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Breastfeeding is an incredible period of bonding between the mother and the baby. We have all heard countless times how breast milk acts as an elixir for infants. Not only does it help the child’s intestinal flora, but it also contains a plethora of nutrients as well as proteins that are required in the first few months of life.

For years now, scientists have pondered over what the molecular mechanisms behind this could be. Now, a study, conducted by a team of doctors from the RESIST Cluster of Excellence at Hannover Medical School (MHH) has uncovered the answer to this question.

  1. Star component of breast milk
  2. What alarmins do
  3. Doctors for What are alarmins in breast milk

The intestinal mucosa interacts with the bacteria in the environment, thereby giving rise to a bacterial diversity that lasts a lifetime. This is how the intestinal immune system matures in the first place.

Researcher in the RESIST cluster found that alarmins, a class of proteins responsible for stimulating an immune response, are the star component of breast milk.

The researchers found higher quantities of two compounds—S100A8 and S100A9—in the poo of infants who were born after full-term and who were breastfed compared with preterm babies and babies who had been weaned.

After following the babies for 2.5 years, they reported: "High fecal levels of S100 proteins, from 30 days to 1 year of age, were associated with higher abundance of Actinobacteria and Bifidobacteriaceae, and lower abundance of Gammaproteobacteria—particularly opportunistic Enterobacteriaceae. A low level of S100 proteins in infants’ fecal samples associated with development of sepsis and obesity by age 2 years."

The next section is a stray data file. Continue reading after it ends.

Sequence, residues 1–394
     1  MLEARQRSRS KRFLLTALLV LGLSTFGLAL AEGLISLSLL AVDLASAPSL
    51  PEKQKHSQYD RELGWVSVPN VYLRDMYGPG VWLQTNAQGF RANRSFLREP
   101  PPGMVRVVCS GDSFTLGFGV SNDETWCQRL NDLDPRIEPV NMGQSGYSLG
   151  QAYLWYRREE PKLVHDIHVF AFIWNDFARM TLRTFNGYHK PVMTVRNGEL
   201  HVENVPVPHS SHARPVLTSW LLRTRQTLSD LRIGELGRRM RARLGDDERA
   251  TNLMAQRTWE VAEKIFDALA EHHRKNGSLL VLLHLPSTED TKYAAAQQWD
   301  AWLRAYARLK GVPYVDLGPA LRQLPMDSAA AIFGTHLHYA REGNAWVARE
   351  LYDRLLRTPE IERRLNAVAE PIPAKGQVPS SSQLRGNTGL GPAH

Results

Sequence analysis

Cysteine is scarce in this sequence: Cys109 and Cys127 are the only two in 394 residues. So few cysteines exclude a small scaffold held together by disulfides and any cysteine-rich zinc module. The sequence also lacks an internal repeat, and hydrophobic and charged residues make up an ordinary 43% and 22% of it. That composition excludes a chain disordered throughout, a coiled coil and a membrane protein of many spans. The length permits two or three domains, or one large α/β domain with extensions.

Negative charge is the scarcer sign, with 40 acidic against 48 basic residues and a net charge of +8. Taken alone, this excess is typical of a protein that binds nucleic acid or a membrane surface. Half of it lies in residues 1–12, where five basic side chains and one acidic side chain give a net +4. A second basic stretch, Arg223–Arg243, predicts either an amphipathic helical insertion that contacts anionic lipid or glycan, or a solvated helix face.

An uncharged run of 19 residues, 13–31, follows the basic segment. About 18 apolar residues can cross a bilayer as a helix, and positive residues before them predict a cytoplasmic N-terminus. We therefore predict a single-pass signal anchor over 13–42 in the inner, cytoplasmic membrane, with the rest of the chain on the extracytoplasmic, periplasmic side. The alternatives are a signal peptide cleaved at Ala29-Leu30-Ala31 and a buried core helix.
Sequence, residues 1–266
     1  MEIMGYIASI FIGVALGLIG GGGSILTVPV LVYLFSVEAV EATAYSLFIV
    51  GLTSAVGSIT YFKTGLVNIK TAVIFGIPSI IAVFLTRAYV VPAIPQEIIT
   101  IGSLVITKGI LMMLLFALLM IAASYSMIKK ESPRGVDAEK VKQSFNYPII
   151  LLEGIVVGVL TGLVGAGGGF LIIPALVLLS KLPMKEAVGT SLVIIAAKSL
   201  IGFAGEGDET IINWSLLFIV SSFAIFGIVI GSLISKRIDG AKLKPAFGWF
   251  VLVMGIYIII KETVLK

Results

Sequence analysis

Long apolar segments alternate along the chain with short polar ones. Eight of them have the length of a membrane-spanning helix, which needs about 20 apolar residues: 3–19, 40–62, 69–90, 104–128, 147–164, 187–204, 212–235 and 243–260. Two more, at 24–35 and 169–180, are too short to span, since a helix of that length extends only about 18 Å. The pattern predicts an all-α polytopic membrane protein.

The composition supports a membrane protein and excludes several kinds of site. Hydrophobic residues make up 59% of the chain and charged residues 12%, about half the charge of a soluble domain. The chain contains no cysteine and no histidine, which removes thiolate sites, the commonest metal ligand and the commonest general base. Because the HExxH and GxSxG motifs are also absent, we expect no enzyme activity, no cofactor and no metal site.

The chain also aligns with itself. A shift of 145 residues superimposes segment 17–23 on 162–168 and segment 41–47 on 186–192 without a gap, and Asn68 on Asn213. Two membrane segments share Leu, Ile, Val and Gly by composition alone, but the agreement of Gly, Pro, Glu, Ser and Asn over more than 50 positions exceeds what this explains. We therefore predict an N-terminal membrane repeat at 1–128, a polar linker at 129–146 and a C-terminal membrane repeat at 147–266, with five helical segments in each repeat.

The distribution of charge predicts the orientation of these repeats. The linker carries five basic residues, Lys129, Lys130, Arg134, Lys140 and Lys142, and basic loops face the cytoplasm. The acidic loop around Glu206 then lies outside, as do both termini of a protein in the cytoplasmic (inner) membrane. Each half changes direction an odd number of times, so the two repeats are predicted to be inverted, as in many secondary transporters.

Hence these compounds were seen to protect children from infections as well as conditions like obesity.

Alarmins prevent intestinal colonisation and infections in infants by facilitating this process of adaptation. Research has also revealed that these peptides and proteins come from breast milk and also arise in the child's intestinal tract.

Another interesting thing found in the research is that infants born via planned C-section exhibit lower levels of alarmins than vaginally born infants, which means that the process of labour plays a role in the production of alarmins in the human body.

Additionally, premature infants are less capable of producing alarmins themselves than full-term infants, which makes them more prone to suffering from chronic inflammatory diseases. However, providing the infant supplements of this protein could prevent a range of long-term conditions linked to intestinal colonization disorders.

The lead authors of this research, Maike Willers of the MHH (Medizinische Hochschule Hannover) and Dr Thomas Ulas of the University of Bonn are now building upon their findings. The RESIST researchers are planning further preclinical work, as well as clinical study at a later stage.

Dr. Rajesh Gangrade

Dr. Rajesh Gangrade

Pediatrics
20 Years of Experience

Dr. Yeeshu Singh Sudan

Dr. Yeeshu Singh Sudan

Pediatrics
14 Years of Experience

Dr. Veena Raghunathan

Dr. Veena Raghunathan

Pediatrics
16 Years of Experience

Dr. Sunit Chandra Singhi

Dr. Sunit Chandra Singhi

Pediatrics
49 Years of Experience

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References

  1. Clinic for Pediatric Pneumology, Allergology and Neonatology Hannover Medical School and LIMES Institute University of Bonn [Internet]. The “gold” in breast milk, 28 August 2020.
  2. RESIST: Resolving Infection Susceptibility [Internet]. The gold of breast milk, 28 August 2020.
  3. Maike Willers, Thomas Ulas, Lena Völlger, Sofia K. Forslund, Johannes Roth and Dorothee Viemann. S100A8 and S100A9 are important for postnatal development of gut microbiota and immune system in mice and infants, Gastroenterology, 14 August 2020.
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